and depot companies. They set the level of supply at thirty days and required the companies to submit requisitions every fifteen days for items required to maintain the level, computing quantities on the basis of consumption for the previous fifteen days. In putting the new system into effect, the experts had to surmount several obstacles. The first 15-day figures had to be multiplied by at least three to cover the necessary delay before a shipment could be received. Good requisition clerks were scarce. Mail service between bases was so poor that requisitions had to be delivered by officer courier. But this requisition system worked so much more satisfactorily than the "semiautomatic" system used by other supply services that the commanding officer of the U.S. Advanced Base, USASOS, was soon recommending that it be adopted by the other services.30

During 1943 the Sixth Army Ordnance Section did not have the help of a corps Ordnance staff (I Corps was not employed in combat operations until April 1944) and even lacked battalion headquarters to assist in the detailed planning for combat support. It had to make very detailed parts estimates to supply the maintenance companies. Another problem was that often Ordnance units would be pulled out of USASOS and placed under army control without sufficient time for conversion from base units to field units; and after one operation was over, would revert to USASOS until time for the next operation. The few available Ordnance units had to be torn apart and spread thin.31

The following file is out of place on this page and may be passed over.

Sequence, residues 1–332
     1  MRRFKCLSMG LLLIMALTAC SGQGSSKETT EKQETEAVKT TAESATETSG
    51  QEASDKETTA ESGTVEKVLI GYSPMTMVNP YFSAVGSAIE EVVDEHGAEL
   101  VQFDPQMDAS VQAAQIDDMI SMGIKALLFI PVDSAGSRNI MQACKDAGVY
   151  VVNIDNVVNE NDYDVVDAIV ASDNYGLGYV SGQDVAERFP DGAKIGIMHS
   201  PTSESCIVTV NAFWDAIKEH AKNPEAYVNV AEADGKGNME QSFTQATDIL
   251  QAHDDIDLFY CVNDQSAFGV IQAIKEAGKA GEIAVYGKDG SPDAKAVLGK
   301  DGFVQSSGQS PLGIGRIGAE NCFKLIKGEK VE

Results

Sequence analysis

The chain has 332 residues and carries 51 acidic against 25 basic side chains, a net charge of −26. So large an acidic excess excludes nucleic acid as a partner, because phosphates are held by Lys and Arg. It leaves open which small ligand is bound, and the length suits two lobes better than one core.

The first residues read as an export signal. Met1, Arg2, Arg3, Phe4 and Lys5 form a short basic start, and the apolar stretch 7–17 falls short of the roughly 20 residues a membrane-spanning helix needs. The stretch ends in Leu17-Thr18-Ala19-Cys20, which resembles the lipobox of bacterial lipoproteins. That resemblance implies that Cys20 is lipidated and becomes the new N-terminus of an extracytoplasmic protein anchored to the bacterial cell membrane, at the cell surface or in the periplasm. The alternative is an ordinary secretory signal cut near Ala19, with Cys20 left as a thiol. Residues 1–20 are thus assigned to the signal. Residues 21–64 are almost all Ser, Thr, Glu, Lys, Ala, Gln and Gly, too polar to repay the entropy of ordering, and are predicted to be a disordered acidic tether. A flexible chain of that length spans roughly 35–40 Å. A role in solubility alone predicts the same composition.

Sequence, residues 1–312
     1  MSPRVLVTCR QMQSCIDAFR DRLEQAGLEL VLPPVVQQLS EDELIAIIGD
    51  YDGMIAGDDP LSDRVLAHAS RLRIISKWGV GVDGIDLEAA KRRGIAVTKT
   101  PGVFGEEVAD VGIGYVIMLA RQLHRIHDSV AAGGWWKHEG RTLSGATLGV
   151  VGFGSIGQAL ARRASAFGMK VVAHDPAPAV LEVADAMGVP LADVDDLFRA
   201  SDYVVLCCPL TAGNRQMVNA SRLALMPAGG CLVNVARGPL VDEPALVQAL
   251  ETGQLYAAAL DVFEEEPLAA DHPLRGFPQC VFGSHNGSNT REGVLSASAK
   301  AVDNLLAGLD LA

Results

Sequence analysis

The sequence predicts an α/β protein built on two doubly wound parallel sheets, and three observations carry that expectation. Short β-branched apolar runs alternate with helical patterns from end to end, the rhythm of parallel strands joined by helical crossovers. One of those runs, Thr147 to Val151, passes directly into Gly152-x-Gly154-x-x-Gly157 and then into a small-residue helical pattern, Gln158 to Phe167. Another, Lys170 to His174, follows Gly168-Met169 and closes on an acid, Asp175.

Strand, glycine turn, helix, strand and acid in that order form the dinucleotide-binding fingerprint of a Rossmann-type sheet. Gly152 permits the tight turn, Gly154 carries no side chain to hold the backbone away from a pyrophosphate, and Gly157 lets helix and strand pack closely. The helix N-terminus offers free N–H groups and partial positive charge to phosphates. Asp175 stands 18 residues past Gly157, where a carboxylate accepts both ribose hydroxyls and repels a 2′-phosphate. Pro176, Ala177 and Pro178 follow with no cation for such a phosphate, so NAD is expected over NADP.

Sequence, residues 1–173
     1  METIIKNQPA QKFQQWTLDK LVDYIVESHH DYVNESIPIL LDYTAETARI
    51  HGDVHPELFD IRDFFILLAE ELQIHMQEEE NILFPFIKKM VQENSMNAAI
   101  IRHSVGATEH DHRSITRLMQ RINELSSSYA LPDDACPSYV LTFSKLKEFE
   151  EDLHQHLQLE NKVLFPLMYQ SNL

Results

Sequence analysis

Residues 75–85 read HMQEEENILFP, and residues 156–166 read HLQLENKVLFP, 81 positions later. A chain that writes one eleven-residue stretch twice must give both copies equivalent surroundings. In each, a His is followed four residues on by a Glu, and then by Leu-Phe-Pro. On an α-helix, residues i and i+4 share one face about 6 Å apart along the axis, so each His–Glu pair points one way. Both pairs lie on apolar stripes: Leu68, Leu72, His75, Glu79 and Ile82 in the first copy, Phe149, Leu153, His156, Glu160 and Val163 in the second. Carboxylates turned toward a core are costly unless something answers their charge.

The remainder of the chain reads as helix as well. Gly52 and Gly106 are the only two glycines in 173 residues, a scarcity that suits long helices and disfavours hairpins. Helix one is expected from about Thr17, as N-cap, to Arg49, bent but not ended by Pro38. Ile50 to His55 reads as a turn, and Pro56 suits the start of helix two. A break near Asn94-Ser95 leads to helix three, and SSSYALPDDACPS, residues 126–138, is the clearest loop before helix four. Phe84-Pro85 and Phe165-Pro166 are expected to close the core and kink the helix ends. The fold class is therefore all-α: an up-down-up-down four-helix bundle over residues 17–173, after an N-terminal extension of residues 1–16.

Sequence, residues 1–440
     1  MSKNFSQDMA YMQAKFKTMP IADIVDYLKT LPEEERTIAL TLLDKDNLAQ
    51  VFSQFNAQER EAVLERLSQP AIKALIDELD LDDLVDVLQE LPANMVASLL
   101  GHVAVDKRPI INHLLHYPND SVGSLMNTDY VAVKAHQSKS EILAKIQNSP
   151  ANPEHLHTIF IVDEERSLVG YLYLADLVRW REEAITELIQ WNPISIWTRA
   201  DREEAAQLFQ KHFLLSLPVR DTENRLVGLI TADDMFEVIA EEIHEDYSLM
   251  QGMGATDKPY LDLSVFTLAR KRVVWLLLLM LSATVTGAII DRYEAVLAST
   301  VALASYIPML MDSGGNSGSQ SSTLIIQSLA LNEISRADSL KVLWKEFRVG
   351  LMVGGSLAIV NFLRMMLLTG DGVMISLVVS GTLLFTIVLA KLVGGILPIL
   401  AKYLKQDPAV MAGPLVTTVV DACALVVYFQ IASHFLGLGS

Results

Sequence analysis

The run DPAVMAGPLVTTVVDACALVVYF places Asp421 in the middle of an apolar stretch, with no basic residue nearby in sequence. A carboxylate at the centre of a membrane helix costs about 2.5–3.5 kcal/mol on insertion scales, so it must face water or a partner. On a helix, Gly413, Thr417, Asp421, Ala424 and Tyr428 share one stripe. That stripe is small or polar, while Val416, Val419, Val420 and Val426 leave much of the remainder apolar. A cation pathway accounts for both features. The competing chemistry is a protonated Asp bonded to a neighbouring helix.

The experience of the 622d Ordnance Ammunition Company was typical. Arriving at Milne Bay in mid-September (having landed in Australia from the United States only two weeks before), the company was attached to the First Provisional Ordnance Center in the Ahioma area and worked the rest of the month erecting warehouses and on other labor details. The men spent October at Waga Waga helping the 636th Ordnance Ammunition Company operate the Dingo Ammunition Depot. In November one officer and ten enlisted men were placed on detached service with the 3469th Ordnance Medium Maintenance Company to support the DIRECTOR (Arawe landing) force. The rest of the company sailed for Oro Bay to support the BACKHANDER (Cape Gloucester) force, along with the 2636. Ordnance Medium Maintenance Company.32